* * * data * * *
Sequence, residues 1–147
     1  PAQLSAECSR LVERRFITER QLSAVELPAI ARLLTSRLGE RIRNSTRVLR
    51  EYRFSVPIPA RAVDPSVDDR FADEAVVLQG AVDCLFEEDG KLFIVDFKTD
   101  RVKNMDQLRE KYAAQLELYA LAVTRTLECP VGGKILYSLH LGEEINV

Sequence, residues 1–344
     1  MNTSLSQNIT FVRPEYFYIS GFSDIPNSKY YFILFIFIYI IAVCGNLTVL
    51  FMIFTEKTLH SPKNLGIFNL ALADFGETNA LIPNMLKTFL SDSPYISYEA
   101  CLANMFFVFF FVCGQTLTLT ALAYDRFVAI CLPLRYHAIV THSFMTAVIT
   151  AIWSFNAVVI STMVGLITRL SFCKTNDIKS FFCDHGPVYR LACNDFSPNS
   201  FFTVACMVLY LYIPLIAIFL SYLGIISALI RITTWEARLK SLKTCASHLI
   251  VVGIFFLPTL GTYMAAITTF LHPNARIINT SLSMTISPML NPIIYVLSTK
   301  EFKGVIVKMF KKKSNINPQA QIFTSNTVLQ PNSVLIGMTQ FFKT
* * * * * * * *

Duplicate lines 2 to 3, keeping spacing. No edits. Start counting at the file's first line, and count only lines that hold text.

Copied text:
     1  PAQLSAECSR LVERRFITER QLSAVELPAI ARLLTSRLGE RIRNSTRVLR
    51  EYRFSVPIPA RAVDPSVDDR FADEAVVLQG AVDCLFEEDG KLFIVDFKTD